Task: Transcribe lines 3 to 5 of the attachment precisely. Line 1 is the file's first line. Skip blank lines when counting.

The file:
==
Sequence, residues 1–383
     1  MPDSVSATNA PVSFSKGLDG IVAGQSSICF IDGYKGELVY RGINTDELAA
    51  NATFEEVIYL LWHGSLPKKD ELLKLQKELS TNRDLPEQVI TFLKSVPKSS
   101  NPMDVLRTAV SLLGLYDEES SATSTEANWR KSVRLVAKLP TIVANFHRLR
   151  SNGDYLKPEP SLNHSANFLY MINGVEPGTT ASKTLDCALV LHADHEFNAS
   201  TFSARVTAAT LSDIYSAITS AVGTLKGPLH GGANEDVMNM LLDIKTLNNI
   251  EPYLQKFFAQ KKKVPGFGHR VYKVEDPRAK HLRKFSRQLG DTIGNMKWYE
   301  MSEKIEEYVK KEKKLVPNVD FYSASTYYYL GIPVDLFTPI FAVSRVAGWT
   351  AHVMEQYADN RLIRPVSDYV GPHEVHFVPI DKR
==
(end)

    51  NATFEEVIYL LWHGSLPKKD ELLKLQKELS TNRDLPEQVI TFLKSVPKSS
   101  NPMDVLRTAV SLLGLYDEES SATSTEANWR KSVRLVAKLP TIVANFHRLR
   151  SNGDYLKPEP SLNHSANFLY MINGVEPGTT ASKTLDCALV LHADHEFNAS